- Multiple reserved SUPER connections – during overloads systems were way more manageable
Running these changes live have been especially successful (and that was way before Mark/Google released their 5.0 patch set which was then taken in parts by OurDelta/Percona/etc) – and I spent quite some time trying to evangelize these changes to MySQL developers (as I would have loved to see that deployed at our customers, way less work then!). Unfortunately, nobody cared, so running reliable and fast replication environments with mainline MySQL didn’t happen (now one has to use either XtraDB or FB build).
So, I did some merging work, added few other small fixes and ended up with our 4.0.40 build (also known as four-oh-forever), which still runs half of shards today. It has sufficient in-memory performance for us, it can utilize our disk capacity fully, and it doesn’t have crash history (I used to tell about two 4.0 servers, both whitebox raid0 machines, having unbroken replication session for two years). By todays standards it already misses few things (I miss fast crash recovery mostly, after last full power outage in a datacenter ;-) – and developers would love to abuse SQL features (hehe, recently a read-only subquery locked all rows because of a bug :-) I’m way more conservative when it comes to using certain features live, as when working at MySQL Support I could see all the ways those features break for people, and we used to joke (this one was about RBR :):
Which is the stable build for feature X? Next one!
Anyway, even knowing that stuff breaks in one way or another, I was running a 5.1 upgrade project, mostly because of peer pressure (“4.0 haha!”, even though that 4.0 is more modern from operations standpoint).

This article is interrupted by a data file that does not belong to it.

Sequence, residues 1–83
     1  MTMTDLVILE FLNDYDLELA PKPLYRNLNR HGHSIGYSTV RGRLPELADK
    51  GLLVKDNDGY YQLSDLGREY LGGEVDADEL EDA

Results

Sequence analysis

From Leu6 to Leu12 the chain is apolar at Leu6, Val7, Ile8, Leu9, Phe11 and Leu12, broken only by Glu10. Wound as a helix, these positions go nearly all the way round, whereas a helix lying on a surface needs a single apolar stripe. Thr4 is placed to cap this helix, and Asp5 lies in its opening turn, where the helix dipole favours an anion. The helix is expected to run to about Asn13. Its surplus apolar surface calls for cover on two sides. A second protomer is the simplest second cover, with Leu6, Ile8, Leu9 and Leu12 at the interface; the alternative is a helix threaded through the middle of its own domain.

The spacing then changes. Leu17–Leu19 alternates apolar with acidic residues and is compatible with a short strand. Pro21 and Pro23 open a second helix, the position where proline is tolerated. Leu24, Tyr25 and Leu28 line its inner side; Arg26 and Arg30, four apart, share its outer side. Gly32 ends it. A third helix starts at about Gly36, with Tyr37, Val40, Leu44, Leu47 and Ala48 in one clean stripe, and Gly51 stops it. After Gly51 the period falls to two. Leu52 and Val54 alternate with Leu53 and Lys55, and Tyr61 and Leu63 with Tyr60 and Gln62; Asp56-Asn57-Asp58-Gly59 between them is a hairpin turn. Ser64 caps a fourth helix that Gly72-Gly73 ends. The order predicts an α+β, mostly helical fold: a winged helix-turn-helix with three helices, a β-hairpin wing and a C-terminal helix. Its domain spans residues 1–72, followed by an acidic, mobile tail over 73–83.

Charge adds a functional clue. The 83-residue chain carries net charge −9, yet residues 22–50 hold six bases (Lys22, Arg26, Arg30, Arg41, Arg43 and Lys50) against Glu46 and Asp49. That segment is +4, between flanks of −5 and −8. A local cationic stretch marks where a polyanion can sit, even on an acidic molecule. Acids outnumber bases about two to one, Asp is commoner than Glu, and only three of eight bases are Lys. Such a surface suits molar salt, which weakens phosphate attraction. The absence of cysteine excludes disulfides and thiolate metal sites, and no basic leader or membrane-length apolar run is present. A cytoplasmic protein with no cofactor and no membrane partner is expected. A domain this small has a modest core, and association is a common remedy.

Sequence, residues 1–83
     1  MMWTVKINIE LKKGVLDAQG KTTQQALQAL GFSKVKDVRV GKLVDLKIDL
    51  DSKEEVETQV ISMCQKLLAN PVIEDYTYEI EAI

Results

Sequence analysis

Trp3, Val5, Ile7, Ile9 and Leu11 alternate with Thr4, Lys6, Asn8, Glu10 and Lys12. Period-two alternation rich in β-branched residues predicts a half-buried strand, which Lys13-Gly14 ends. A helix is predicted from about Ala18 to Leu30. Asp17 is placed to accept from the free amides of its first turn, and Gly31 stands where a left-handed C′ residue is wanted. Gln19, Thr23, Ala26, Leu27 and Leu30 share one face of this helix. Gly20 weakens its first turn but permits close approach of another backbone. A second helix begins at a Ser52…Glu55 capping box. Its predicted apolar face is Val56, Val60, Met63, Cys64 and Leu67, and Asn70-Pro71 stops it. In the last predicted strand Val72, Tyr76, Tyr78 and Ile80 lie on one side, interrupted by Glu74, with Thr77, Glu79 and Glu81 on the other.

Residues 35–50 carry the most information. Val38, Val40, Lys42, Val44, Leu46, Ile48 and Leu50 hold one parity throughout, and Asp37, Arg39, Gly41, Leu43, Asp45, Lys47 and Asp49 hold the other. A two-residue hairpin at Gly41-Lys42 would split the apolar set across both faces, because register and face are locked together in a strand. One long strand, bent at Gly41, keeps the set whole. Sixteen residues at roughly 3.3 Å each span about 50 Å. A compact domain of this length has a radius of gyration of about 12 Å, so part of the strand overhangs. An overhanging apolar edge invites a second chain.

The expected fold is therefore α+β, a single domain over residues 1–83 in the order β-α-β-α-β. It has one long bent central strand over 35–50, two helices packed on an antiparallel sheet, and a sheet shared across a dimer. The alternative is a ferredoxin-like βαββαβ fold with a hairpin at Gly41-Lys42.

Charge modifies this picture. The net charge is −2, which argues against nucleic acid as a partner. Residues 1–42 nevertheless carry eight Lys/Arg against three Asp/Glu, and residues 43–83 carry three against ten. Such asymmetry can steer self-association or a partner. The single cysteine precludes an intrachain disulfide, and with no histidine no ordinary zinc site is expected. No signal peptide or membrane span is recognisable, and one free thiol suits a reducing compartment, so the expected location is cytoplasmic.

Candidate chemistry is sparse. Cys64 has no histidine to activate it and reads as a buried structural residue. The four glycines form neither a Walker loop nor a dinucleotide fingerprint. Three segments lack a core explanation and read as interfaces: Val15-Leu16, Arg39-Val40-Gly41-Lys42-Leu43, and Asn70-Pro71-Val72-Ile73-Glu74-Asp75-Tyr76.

As MediaWiki is open-source project, used by many, we already engineer it for wide range of databases – we support MySQL 4.0, we support MySQL 6.0-whatever-is-in-future, and there’s some support for different vendor DBMSes (at various stages – PG, Oracle, MS SQL, etc) – so we can be sure that it works relatively fine on newer versions.
Upgrade in short:
- Dump schema/data
- Load schema on 5.1 instance
- Adjust schema, as we can do it, set all varchar to varbinary to maintain 4.0 behavior
- Load data on 5.1 instance
- Fix MySQL to replicate from 4.0 (stupid breakage for nothing)
- Switch master to 5.1 instance
We had some 5.0 and 5.1 replicas running for a while to detect any issues, and as there weren’t too many, the switch could be nearly immediate (English Wikipedia was converted 4.0->5.1 over a weekend).
I had an engineering effort before to merge Google 5.0 patches into later than 5.0.37 tree, but eventually Mark left Google for Facebook and “Google patch” was abandoned, long live the Facebook patch! :)
At first FB-internal efforts were to get the 5.0 environment working properly, so 5.1 development was a bit on hold. At that time I cherry-picked some of Percona’s patch work (mostly to get transactional replication for 5.1, as well as fast crash recovery) – and started deploying this new branch. Of course, once Facebook development focus switched to 5.1, maintaining separate branch is becoming less needed – my plan for the future is getting FB build deployed across all shards.
The beauty of FB-build is that development team is remarkably close to operations (and operations team is close to development), and there is lots of focus on making it do the right stuff (make sure you follow mysql@facebook page). The visibility of systems (PMP!) we have at Facebook can be transformed into code fixes nearly instantly, especially when compared with development cycles outside. I’m sure some of those changes will trickle to other trees eventually, but we have those changes in FB builds already here, and they are state of the art of MySQL performance/operations engineering, while maintain great code quality.
Yes, at Wikipedia we run a mix of really fresh and also quite old/frozen software (there will be unification, of course), but…. it runs fine. It isn’t as fascinating anymore as years ago, but it allows not paying any attention for years. Which is good, right? Oh, and of course, there’s full data on-disk compatibility with standard InnoDB builds, in case anyone really wants to roll back or switch to the next-best-fork.